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This year, The Lawyer’s annual ranking of the largest UK law firms by turnover is available as an interactive, digital benchmarking tool. For the first time this will allow you to manipulate each data set against the metrics of your choice.
Lawyers who successfully represented human growth hormone victims have paid tribute to the Legal Aid Board for funding the action - but they say the Government's reform plans could jeopardise future multi-party actions.
The case, conducted by David Body, of Irwin Mitchell, and Peter Llewelyn, of the Smith Llewelyn Partnership in Swansea, was the first multi-party action to come to trial which had been funded under a contracting system introduced by the board in 1992.
Body said: "There were many advantages to working with a small steering committee. We enjoyed much more direct relations with the board, which cleared disbursements quickly."
He described the evaluation process by the Legal Aid Board as fair. "Reporting to the board on how the case was progressing and the economics of the action was quite demanding but imposed a proper discipline," he said.
Colin Stutt, legal adviser at the LAB, said: "We are pleased with the outcome but it is too early to draw any conclusions about how the contract operated. We have an ongoing review of all our contracting procedures."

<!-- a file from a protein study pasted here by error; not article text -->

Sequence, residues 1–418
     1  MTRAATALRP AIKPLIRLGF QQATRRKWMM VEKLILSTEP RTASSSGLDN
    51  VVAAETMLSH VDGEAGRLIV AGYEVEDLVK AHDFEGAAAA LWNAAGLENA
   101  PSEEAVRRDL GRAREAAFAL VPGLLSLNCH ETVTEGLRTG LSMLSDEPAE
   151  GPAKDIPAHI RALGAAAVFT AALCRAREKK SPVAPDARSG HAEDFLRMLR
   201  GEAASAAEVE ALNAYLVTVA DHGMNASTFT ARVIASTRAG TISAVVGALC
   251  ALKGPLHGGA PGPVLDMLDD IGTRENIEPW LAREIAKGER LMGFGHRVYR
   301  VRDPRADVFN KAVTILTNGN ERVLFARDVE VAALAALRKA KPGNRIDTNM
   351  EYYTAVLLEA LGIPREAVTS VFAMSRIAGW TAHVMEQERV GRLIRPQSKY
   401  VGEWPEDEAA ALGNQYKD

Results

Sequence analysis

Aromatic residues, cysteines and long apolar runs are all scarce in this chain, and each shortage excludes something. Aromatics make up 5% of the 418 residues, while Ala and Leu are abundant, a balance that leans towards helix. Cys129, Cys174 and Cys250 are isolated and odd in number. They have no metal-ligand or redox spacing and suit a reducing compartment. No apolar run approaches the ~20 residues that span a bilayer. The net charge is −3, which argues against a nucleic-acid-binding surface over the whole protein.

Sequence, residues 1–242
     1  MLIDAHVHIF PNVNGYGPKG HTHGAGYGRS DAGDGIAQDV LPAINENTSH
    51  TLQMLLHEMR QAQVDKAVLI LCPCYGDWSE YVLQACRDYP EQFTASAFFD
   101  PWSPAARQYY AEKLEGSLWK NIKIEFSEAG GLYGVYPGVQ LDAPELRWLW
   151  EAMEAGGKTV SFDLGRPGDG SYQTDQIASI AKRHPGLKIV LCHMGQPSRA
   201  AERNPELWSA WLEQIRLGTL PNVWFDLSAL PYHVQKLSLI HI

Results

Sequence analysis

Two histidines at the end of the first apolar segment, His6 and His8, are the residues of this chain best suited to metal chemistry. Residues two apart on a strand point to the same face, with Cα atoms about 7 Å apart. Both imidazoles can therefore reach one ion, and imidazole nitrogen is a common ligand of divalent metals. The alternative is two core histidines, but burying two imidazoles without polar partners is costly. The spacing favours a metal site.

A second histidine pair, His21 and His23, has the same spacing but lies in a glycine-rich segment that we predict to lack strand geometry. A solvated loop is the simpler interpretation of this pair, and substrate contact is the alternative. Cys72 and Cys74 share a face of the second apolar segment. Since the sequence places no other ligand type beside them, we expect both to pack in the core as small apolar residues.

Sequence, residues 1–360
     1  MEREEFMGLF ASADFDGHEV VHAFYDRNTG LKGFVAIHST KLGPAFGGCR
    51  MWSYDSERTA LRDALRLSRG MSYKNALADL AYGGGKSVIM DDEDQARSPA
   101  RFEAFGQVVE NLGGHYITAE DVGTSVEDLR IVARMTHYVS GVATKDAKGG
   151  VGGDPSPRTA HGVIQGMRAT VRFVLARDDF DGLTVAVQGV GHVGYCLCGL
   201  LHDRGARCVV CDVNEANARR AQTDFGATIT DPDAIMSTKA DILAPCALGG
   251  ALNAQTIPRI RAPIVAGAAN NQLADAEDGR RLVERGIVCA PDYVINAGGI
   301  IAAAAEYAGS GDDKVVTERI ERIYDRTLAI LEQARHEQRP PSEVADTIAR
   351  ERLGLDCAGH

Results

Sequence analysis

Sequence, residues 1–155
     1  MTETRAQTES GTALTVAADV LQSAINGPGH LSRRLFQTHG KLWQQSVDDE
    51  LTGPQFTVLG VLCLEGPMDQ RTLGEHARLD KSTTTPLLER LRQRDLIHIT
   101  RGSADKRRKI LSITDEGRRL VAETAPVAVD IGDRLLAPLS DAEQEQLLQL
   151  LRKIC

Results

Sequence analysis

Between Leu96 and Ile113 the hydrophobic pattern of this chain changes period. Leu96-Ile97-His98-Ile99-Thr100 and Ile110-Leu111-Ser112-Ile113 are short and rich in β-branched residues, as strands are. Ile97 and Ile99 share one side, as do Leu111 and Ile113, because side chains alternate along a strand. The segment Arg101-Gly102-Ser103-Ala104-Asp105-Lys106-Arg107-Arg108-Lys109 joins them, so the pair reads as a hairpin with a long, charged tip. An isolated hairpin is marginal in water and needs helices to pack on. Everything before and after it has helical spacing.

But the success of the legally-aided litigation was overshadowed by fears that the recent White Paper on legal aid - which proposes to cap the legal aid budget and increase litigants' liability for costs - will put an end to test cases of this sort.
Speaking at an information session on the paper at the House of Commons last week, Body said that if the proposals were in force, this case could not have been brought. He said: "The key to the courtroom door has been legal aid. We should retain this and if anything extend it.
"You cannot expect people to bet the equity of their house in actions against the government and large companies."